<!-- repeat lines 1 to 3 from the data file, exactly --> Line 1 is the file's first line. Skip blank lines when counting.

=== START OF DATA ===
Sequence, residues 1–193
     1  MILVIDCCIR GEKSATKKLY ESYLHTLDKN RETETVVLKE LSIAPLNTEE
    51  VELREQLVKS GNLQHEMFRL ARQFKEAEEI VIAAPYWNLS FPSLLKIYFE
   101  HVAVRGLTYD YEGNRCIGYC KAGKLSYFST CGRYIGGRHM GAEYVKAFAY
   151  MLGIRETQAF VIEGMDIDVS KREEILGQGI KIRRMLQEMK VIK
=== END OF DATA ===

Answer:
Sequence, residues 1–193
     1  MILVIDCCIR GEKSATKKLY ESYLHTLDKN RETETVVLKE LSIAPLNTEE
    51  VELREQLVKS GNLQHEMFRL ARQFKEAEEI VIAAPYWNLS FPSLLKIYFE